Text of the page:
Storyline Rating : 4/5 stars
Series : Book 1 in Miss Peregrine’s Home for Peculiar Children
Brief Summary from Goodreads :
A mysterious island. An abandoned orphanage. A strange collection of curious photographs.
A horrific family tragedy sets sixteen-year-old Jacob journeying to a remote island off the coast of Wales, where he discovers the crumbling ruins of Miss Peregrine’s Home for Peculiar Children. As Jacob explores its abandoned bedrooms and hallways, it becomes clear that the children were more than just peculiar. They may have been dangerous. They may have been quarantined on a deserted island for good reason. And somehow—impossible though it seems—they may still be alive.
My Point of View :
I enjoyed reading the novel – surprisingly, since I thought it was paranormal horror genre. The last time I read a horror genre novel (years ago), I had nightmares and lose sleep in the process – (*sigh*) such vivid imaginations I have. Why would I think it’s horror genre, you ask me? Well….the cover is black and white with a creepy looking girl on the cover, you can’t blame me for thinking it’s about some girl haunting some place or maybe some “Conjuring”-like story. That….was until I saw the trailer to the movie. It was nothing like how I thought it would be, it seems like it’s about children with peculiar traits/abilities living on an island protected from monsters that can only be seen by this one boy, Jacob. I really have to stop judging books by its covers – a difficult habit to lose….seriously.
That said AND also finished the first book, it’s still not the kind of book I would normally go for – non-romance. However, I still gave four stars because I love those hauntingly peculiar pictures (apparently they’re real and unedited) that are included into the novel. It helps me imagine the characters better and understand what’s being describe. Even the tone of the writing sounds as hauntingly peculiar as the pictures (not something I can explain, you will just have to read the book if you are interested) – whether it’s intentional or not, it is still a feat.
A bit about the story – Jacob grew up listening to the fantastical tales his grandfather told. But as Jacob grew older, he begin to doubt the credibility of the stories – even when his grandfather showed him pictures. Until his grandfather left him a dying message with his last breath AND Jacob also saw something or rather a monster on the night his grandfather died. Nobody believed Jacob when he told them about the monster he saw, even his parents. Later, Jacob follow his grandfather’s dying message to an island, where he discovers that the tales his grandfather told was….indeed real and he have the same ability his grandfather had – the ability to see hollowgast, which is a type of monster that eats “peculiar” to gain a physical body.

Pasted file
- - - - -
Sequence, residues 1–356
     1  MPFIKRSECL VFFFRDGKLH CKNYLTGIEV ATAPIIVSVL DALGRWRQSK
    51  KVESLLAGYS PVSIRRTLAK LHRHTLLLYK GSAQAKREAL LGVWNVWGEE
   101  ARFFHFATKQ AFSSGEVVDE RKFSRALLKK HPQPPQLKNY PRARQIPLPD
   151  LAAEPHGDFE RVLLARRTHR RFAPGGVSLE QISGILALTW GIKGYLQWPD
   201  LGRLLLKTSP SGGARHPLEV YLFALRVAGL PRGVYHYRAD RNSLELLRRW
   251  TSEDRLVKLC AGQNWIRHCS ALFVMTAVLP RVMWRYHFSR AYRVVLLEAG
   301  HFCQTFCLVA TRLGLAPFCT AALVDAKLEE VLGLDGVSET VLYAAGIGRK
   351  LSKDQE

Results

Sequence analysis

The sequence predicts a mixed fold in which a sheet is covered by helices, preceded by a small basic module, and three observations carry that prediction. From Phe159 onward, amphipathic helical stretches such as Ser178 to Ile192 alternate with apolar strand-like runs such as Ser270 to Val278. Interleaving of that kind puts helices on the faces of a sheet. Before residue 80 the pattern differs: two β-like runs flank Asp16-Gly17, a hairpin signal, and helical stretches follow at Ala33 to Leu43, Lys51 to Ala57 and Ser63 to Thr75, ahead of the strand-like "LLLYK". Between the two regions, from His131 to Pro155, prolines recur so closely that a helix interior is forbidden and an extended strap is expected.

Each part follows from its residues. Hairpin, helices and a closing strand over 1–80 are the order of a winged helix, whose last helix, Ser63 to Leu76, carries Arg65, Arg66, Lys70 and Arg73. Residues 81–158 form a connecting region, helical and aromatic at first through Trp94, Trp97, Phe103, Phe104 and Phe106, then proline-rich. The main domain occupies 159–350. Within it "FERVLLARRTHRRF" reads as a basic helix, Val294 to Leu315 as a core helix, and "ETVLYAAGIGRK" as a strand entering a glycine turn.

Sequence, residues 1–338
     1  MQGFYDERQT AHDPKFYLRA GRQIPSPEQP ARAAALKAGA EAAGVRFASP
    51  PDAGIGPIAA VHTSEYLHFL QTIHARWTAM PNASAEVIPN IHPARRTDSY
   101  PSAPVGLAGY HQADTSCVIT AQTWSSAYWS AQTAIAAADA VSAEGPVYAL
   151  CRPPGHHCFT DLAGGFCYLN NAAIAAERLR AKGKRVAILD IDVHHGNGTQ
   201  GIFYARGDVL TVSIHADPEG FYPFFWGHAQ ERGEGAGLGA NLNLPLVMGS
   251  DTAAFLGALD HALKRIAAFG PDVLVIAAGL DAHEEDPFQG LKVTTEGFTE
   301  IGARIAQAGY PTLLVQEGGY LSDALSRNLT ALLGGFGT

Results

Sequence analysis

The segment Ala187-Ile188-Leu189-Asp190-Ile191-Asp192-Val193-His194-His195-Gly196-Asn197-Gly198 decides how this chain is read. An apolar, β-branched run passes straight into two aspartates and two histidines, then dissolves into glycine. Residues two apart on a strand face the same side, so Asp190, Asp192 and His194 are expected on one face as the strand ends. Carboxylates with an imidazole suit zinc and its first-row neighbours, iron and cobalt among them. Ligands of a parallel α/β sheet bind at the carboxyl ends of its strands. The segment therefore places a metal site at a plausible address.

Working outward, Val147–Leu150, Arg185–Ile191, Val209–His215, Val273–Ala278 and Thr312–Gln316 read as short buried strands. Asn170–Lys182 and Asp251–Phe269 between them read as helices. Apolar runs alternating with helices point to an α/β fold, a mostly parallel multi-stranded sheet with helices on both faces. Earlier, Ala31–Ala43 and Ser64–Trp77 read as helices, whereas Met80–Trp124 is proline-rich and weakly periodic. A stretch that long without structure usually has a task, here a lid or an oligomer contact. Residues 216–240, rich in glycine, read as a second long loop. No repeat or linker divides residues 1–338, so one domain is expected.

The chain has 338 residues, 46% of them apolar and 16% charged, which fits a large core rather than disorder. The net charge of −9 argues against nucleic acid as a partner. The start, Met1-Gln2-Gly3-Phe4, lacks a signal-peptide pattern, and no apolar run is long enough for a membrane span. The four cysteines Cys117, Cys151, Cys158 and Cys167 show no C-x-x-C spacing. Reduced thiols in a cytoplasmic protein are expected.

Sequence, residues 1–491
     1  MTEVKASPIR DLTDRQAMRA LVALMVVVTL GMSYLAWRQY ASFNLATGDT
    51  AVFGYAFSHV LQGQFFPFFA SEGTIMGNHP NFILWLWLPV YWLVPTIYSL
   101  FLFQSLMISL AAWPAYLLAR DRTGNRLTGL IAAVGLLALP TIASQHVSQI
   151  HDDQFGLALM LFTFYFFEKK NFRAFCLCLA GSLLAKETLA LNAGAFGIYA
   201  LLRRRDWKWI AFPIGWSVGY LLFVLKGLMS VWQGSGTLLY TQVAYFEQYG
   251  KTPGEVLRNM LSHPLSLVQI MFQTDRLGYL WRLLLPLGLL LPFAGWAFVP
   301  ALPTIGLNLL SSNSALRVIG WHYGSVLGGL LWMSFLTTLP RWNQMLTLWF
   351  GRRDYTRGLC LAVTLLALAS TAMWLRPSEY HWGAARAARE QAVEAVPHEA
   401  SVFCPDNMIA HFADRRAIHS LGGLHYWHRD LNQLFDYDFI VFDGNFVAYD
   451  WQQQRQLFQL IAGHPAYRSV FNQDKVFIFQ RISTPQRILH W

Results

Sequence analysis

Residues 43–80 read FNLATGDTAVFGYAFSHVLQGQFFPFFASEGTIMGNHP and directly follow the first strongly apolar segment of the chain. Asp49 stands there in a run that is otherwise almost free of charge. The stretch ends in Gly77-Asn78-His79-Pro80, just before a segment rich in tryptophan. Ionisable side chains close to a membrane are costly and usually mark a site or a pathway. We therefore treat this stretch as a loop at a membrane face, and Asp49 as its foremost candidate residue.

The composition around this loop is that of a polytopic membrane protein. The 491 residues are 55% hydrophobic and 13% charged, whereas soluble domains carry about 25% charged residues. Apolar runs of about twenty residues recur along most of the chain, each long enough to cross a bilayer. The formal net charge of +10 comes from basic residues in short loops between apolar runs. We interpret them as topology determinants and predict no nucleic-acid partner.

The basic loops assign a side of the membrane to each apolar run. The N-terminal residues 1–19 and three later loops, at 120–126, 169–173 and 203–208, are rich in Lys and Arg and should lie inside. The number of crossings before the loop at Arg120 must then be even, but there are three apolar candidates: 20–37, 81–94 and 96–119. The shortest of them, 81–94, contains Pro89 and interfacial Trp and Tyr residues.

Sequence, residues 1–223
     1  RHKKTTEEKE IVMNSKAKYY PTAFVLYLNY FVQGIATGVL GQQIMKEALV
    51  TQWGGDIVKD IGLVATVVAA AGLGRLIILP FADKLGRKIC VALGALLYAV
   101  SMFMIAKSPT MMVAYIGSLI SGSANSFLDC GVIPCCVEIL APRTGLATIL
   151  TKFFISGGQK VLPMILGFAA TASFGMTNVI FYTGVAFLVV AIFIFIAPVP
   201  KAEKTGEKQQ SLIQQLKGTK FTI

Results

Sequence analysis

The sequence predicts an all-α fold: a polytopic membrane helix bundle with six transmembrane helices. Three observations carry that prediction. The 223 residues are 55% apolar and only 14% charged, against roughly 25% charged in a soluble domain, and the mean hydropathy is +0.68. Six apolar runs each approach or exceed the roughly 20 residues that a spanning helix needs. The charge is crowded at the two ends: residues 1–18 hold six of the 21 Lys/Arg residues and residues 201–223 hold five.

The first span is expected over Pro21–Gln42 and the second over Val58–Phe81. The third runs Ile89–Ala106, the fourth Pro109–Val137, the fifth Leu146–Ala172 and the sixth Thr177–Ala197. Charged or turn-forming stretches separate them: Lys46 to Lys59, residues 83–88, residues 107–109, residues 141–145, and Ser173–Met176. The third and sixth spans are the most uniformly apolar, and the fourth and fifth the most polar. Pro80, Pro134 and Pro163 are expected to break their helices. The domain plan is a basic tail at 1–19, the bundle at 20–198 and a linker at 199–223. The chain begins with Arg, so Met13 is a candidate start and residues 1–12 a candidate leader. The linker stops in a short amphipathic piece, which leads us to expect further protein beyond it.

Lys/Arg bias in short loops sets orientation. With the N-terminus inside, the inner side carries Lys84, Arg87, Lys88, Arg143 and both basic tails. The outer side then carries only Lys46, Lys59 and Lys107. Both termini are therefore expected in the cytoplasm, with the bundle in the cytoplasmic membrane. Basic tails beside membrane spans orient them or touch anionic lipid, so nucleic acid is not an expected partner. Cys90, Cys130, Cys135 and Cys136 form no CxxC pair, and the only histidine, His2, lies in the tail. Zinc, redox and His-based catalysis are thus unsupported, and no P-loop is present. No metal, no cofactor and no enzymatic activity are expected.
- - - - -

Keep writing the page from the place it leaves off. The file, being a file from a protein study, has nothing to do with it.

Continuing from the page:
Despite reading the book with no specific expectations in mind, the one thing that I did not expect was time-travelling. There is an alternate timeline to the island where Jacob went, where the same day is repeated again and again for years – a loop. The “peculiar” knows about the loop, but the “commons” repeatedly doing the same thing over and over again not knowing about the loop. I am still confused as to how time continues for Jacob’s original timeline. And I can’t say I understand why there is a loop in the first place, as the children will not age and not allowed to leave the loop for a long period of time or they will die. If they are going to die anyway, they should have died when they should. It’s kind of cruel to keep them from dying but “locked-up” in a “cage”.
At the end of the novel, Jacob and the other “peculiar” children somehow leave the loop to find sanctuary elsewhere under certain circumstances (read the novel to understand, no more spoilers). So, I think I’ll read the series just to see how it all ends. You should probably try reading the novel before watching the movie, as the novel may explain somethings clearer than the movie.
P.S. Miss Peregrine look so much more beautiful in the movie than the book. (*laughs*)
Favorite Quotes : None from this book.